Sorting Out Chess Endgames
An approach to solving chess endgames using fast sorts
Hector Garcia-Molina is one of the top experts in databases—taken in a wide sense. He has done seminal research in almost all aspects of systems that manage data: from classic databases, to web based information systems; from semantics of data, to security of data. If you are interested in any aspect of data, you will probably have to read one of Hector’s papers; you will also probably have to reference him.
Today I want to recall a project Hector and I ran, in the mid 1980’s, while we were both at Princeton University. The project was called —the Massive Memory Machine Project. The main reason for discussing this old project is related to the recent post on chess endgames.
The goal of the project was to explore the power of large amounts of main memory. Our thesis was that even “slow” processors with huge amounts of main memory could beat parallel processors, provided the slower processors had much more memory than the parallel ones.
The project bought and constructed machines that had gigabytes of random access memory. In those days typical machines had a few megabytes of memory at most, so getting machines with gigabytes was non-trivial. A simple problem we encountered was that all the standard machines did not even have enough address space to get into the gigabyte range. We got around these problems, but the machines cost us many millions of dollars to build.
It is a bit funny to recall we paid millions of dollars for this amount of memory, when today you can buy it for tens of dollars—and then put it in your pocket. But, I guess the cost of being over two orders of magnitude bigger than all other machines had its price. I guess it would like having a machine with petabytes today.
Hector is a pleasure to work with and I enjoyed our joint work very much. He is a tireless researcher. Two measures prove this: he has almost 400 published papers, and even more impressive has an H-score near 90. The H-score is claimed to be more accurate in measuring research output than just total citations. You have an H-score of provided you have written papers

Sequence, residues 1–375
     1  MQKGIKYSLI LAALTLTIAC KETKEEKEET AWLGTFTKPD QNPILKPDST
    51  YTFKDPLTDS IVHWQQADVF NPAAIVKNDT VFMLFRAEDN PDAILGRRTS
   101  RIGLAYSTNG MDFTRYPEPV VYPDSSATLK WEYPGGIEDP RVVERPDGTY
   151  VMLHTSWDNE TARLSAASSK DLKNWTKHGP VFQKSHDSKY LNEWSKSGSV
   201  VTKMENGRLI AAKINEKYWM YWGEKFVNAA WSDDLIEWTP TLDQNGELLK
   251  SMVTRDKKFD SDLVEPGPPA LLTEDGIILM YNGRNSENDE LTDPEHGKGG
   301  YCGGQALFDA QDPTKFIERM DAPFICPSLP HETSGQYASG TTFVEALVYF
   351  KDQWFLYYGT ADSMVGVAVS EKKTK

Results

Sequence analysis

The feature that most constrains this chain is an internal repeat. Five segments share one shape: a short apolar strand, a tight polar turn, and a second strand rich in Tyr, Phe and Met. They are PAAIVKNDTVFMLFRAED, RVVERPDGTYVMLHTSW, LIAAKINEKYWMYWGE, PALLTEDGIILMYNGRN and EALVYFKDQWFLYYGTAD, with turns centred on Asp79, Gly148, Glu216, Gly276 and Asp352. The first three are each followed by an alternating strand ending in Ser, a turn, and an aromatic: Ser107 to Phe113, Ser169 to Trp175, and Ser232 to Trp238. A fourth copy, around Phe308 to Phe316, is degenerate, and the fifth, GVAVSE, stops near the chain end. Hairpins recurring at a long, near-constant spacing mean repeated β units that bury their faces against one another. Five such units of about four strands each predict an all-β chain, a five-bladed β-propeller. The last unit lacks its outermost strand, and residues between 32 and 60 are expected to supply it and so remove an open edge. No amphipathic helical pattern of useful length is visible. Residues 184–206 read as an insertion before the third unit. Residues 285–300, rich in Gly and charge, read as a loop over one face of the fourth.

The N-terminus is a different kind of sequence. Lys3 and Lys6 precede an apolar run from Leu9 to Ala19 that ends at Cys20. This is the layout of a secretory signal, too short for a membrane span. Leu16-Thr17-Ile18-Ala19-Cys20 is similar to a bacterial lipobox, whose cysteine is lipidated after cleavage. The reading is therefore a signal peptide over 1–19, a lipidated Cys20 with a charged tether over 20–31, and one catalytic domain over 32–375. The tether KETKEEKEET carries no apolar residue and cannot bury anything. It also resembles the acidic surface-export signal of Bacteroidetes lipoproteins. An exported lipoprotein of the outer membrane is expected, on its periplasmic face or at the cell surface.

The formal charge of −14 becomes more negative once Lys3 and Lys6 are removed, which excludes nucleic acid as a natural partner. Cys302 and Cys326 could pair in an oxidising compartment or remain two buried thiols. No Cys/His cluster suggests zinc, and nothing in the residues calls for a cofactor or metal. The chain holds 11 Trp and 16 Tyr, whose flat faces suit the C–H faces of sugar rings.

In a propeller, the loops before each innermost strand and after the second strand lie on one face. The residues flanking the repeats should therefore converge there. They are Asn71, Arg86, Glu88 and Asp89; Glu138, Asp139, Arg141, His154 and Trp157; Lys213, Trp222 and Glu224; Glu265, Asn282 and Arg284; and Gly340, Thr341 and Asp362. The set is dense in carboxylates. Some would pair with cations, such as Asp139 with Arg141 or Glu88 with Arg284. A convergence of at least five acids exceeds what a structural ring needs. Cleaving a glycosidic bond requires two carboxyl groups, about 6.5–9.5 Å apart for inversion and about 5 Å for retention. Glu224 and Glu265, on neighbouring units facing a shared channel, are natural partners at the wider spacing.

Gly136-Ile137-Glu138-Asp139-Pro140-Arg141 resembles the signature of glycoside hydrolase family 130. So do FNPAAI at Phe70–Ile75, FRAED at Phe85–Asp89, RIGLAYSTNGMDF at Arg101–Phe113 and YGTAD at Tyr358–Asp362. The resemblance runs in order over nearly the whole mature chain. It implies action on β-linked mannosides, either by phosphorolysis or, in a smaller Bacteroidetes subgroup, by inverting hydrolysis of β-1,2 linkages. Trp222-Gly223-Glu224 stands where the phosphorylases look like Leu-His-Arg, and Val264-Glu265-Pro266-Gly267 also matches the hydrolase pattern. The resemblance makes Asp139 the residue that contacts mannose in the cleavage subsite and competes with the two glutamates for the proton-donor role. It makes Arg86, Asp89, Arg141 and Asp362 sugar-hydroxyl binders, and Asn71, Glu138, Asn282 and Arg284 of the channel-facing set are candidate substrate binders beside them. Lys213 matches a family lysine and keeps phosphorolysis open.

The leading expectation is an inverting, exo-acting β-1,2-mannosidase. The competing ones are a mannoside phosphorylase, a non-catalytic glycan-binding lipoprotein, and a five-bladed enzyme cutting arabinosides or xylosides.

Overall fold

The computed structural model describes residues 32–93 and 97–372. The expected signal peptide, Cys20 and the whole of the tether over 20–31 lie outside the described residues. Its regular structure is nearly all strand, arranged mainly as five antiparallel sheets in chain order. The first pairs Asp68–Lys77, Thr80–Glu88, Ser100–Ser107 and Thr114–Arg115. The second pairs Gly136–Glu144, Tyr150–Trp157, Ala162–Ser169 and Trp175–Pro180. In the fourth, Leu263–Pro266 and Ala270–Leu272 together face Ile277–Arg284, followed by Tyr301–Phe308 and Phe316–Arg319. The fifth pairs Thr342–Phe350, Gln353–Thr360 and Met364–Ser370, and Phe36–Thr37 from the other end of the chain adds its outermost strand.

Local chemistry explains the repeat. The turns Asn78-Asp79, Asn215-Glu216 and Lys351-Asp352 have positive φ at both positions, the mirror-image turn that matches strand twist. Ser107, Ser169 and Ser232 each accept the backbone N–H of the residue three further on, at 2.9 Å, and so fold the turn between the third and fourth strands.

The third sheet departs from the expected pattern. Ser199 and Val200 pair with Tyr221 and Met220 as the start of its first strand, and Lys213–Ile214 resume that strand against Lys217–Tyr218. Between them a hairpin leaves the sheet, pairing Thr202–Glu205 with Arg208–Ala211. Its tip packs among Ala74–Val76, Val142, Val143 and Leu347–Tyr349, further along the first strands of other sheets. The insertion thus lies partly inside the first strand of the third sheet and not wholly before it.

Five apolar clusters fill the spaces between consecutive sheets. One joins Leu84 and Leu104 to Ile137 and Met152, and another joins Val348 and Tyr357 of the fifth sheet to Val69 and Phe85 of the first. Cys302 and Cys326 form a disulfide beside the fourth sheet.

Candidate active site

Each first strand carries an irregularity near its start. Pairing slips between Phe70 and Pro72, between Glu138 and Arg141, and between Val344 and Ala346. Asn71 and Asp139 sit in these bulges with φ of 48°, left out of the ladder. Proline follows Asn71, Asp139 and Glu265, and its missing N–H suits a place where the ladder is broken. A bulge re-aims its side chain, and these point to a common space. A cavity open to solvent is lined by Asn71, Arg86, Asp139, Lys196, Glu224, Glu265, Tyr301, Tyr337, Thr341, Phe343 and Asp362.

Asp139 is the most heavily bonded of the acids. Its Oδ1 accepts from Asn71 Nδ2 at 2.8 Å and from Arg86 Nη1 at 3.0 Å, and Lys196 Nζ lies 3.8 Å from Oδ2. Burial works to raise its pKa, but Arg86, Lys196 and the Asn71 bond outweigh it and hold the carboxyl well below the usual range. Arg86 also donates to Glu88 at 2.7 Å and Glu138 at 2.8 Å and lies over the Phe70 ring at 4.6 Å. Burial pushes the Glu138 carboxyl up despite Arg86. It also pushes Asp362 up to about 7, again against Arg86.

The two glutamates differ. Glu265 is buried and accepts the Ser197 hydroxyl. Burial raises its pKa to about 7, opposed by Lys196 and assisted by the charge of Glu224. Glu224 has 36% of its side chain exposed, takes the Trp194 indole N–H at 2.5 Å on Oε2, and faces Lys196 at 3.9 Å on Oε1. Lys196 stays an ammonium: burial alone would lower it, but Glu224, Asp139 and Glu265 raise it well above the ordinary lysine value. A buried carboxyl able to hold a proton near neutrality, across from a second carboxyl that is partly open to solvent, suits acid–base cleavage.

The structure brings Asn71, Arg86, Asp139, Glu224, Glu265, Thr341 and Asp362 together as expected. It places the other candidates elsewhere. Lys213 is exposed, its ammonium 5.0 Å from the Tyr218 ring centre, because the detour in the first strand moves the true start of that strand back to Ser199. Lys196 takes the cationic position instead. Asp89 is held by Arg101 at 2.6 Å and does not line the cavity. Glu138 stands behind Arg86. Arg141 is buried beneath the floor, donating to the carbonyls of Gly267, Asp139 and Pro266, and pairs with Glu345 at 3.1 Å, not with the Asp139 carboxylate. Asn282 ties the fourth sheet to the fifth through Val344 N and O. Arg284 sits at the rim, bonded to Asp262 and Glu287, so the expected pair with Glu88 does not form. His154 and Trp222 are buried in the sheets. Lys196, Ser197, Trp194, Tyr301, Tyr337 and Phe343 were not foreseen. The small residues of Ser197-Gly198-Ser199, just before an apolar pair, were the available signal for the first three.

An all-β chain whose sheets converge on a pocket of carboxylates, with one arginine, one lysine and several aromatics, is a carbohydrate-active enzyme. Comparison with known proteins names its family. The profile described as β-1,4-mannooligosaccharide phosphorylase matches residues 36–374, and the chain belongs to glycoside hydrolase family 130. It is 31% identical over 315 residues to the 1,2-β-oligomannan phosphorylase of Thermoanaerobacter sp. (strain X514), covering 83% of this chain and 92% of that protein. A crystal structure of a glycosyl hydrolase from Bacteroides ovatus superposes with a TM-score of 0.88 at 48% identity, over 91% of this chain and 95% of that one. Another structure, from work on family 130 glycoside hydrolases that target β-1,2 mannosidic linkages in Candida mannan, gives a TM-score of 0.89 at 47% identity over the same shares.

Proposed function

and each of these papers has at least citations. The point of the H-score is to factor out one huge paper will a “zillion” citations.
Hector was at Princeton when I was being recruited to go there, many years ago. I still recall what he told me about Princeton. He was, then, a junior faculty who had just graduated from Stanford. He pointed out when he was deciding where to go—he had several offers—he selected Princeton for many reasons. But, one reason he explained this way to me:
I noticed the semester at Princeton was only one week longer than the quarter at Stanford.
Hector was a great teacher, but his true passion was research, so having a short teaching semester was pretty neat. I have to say I went to Princeton for many reasons, but I never minded the length of the semesters.
One last story I must tell about Hector—he was always cold. I mean physically cold. Perhaps this is why he moved back to the sunny west coast, because even during the Princeton summers he might wear a sweater.
One day a large company offered to give our department a number of their workstations. The machines were good at running Lisp, but did not support UNIX and so were not useful for our day-to-day tasks. The department asked who wanted one of these machines: I said no thank-you. But, Hector took one—to my surprise.
We were in his office one day chatting, when I noticed there in the corner was one of the workstations. It looked unused, looked untouched, but it was clearly turned on and running. I asked Hector the obvious question: why did he take one of the machines, since he clearly seemed not to be using it. Hector, always logical, said he never used the machine, but he knew they ran “hot”—they were known to have cooling problems. So he kept his on all the time, and used it like a space heater. He said he would have taken two if he could have.
Solving Chess Endgames
I believe solving the -piece chess endgame problem can be reduced to a performing many sorts on a very large file. The size of the file is a function of : for six pieces it is about ten gigabytes, and for seven pieces it is less than a terabyte. Ken Regan suggests that it grows by a factor of about for each additional piece.
The connection with the project is one of the problems memory helps with tremendously is sorting. Again more on this in the future—for now I want to explain the connection of the chess problem to sorting. In the near future, I plan to discuss the various methods and issues involved in performing extremely large sorts. Around 18 months back, Google did a record sized sort on one petabyte of data in 6 hours and 2 minutes across 4,000 computers. See this for more details. An example of some of issues that arise in such large sorts is disk failures: Google used so many disks since they had to plan for disk failures during the sort.